The agreement to purchase and develop the 23rd and E. Union (Midtown Center) site described in this newsletter and other sources in December is not currently going forward. 

The Early Design Guidance meeting attracted a standing-room only crowd to hear a presentation for a project comprising a seven-story building to accommodate around 440 housing units and retail space including a 30,000 square-foot grocery store at the corner of 23rd and Union and a large pharmacy fronting Union just east of the grocery store.  A design including space for up to nine additional small scale retail spaces was presented.

Prior to the EDG, meeting the developer indicated in public meetings that they planned to participate in more than the usual two Design Review Board meetings because of the importance of hearing from and responding to the public.

The initial proposal had included the possibility that a portion of the site could be acquired by the community-based organization Africatown, but in mid-February, the developers Lennar Multifamily Communities and Regency Centers announced that the agreement between them and the property owners, the Bangasser family trust, had come to an end without a purchase having been finalized.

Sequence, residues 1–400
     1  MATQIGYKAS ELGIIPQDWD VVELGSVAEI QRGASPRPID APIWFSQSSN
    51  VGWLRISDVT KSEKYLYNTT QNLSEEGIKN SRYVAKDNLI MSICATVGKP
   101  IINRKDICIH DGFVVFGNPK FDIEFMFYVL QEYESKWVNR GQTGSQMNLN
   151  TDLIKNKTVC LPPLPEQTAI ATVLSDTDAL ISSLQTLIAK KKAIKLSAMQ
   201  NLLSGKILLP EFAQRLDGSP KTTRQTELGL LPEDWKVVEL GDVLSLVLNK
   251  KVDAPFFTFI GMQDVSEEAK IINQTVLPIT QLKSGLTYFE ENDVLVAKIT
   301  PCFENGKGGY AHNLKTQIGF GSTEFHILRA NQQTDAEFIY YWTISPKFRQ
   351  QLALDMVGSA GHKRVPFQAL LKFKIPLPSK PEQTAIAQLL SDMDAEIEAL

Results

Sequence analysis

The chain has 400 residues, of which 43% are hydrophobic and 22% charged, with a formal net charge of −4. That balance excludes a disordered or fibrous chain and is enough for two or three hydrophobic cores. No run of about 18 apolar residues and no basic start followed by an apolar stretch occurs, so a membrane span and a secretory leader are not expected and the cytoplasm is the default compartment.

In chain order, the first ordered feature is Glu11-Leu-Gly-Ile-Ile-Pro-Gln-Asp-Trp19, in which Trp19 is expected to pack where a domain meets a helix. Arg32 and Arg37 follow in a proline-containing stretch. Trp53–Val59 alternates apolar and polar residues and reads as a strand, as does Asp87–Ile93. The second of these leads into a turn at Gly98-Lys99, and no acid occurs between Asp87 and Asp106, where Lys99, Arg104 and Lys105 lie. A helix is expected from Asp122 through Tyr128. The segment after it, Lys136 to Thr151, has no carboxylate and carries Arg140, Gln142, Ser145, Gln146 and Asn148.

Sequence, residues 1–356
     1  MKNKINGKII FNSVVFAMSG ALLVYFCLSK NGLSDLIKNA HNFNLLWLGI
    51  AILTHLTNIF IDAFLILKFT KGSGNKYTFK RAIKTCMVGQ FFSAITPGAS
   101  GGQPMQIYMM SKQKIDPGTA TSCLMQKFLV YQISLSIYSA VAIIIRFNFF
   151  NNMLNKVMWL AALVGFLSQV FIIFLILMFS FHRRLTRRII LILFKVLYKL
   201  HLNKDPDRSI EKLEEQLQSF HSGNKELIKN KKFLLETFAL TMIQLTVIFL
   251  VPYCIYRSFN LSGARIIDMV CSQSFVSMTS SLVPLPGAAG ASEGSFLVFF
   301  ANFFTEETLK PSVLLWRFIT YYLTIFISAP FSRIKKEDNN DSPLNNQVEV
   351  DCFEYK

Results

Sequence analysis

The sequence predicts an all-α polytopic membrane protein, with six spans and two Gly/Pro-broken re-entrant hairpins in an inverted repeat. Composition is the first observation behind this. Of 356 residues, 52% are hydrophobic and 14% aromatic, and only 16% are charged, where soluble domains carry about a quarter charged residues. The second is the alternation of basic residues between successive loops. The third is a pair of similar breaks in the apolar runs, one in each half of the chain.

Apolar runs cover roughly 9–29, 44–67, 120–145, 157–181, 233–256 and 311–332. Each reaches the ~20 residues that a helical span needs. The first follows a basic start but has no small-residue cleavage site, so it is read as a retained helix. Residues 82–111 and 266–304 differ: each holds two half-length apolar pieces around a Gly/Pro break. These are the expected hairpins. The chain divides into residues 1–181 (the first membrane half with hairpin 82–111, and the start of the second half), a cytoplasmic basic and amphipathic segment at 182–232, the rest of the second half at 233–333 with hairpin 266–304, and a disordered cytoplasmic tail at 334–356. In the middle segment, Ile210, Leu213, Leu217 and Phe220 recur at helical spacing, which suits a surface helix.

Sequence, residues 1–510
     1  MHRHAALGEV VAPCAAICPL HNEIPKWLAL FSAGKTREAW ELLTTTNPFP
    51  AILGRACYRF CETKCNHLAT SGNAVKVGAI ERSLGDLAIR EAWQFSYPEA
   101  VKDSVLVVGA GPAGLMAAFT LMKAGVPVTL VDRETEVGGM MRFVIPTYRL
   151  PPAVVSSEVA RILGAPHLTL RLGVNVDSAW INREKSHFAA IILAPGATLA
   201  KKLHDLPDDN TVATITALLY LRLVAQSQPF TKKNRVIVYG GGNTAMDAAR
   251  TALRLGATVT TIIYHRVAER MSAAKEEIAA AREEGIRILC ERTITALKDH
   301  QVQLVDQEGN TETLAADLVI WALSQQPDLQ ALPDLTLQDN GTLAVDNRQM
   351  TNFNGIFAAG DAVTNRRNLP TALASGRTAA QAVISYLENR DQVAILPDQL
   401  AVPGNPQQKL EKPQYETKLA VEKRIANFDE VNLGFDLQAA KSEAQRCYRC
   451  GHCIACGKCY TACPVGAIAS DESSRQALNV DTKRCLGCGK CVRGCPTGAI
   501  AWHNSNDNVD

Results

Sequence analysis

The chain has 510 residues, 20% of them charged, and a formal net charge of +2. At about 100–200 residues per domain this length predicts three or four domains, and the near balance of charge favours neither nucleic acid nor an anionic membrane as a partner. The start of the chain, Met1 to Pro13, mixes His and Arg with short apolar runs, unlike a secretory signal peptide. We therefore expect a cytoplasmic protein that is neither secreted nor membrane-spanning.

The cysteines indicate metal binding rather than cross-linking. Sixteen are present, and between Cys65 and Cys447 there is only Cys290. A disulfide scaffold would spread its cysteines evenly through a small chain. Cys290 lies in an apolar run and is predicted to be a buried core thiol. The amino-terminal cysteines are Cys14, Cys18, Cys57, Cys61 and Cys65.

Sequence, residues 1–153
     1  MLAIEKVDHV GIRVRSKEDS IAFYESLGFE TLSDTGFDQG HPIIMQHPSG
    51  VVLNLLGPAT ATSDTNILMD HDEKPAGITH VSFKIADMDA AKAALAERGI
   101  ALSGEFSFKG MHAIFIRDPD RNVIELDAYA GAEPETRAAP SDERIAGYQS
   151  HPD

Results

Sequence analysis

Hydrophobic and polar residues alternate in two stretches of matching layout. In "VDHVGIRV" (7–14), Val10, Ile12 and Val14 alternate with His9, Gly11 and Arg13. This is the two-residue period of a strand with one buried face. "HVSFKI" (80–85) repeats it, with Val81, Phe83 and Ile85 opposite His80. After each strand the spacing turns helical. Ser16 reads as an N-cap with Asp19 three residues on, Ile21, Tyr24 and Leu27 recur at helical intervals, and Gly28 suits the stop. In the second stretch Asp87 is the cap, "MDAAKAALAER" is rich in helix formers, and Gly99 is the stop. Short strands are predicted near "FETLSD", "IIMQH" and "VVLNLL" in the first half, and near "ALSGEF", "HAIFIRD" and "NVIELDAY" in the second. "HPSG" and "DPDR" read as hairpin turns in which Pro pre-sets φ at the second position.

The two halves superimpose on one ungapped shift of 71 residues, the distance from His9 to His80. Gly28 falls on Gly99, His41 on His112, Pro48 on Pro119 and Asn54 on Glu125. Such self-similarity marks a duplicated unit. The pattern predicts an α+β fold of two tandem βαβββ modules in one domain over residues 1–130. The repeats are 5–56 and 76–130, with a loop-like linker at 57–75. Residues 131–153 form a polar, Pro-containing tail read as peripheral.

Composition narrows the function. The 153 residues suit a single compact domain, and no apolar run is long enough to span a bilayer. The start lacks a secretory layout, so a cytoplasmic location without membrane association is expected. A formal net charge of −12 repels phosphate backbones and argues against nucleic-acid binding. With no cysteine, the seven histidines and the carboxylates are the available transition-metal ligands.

On March 3, at a community meeting called by Africatown, their spokesperson, Wyking Garrett told the public that he saw continued opportunity for Africatown to share in the ownership of the development of the site with a different purchaser.  At that meeting, a representative of Forterra, a non-profit corporation with decades of experience in complex land transactions, indicated that Forterra was prepared to “fully back” the effort spearheaded by Africatown to participate as an owner in the development of the site.

On that same day, March 3rd, on its website, Forterra further explained its position:

In summary, the joint statement is that “Forterra and Africatown Community Land Trust are working together to secure a continued place for the historically-black community in Seattle’s Central District.  We hope to team in the redevelopment of Midtown Center, … and have made a proactive, pragmatic offer to purchase the property after another buyer’s offer was withdrawn.”

The statement goes on to say that redevelopment of the site “one of the last large blocks available for redevelopment in the CD, … if done right can help stem the displacement of current residents and ensure the continuity of the neighborhood’s rich African American history.”

However, The Capitol Hill Blog reported on an ongoing dispute between Africatown’s Black Dot and Bangasser’s Midtown Center Partnership as a result of the partnership’s attempts to block Black Dots continued access to their work space there. More details can be found at

In the meantime, the eviction of UMOJA Peace Center from in the Midtown Center block was completed despite protestors on Wednesday, March 15th, the same day that Wyking Garrett reportedly stated that the locks on the Black Dot space have been changed by the property owners.   More on this can also be found at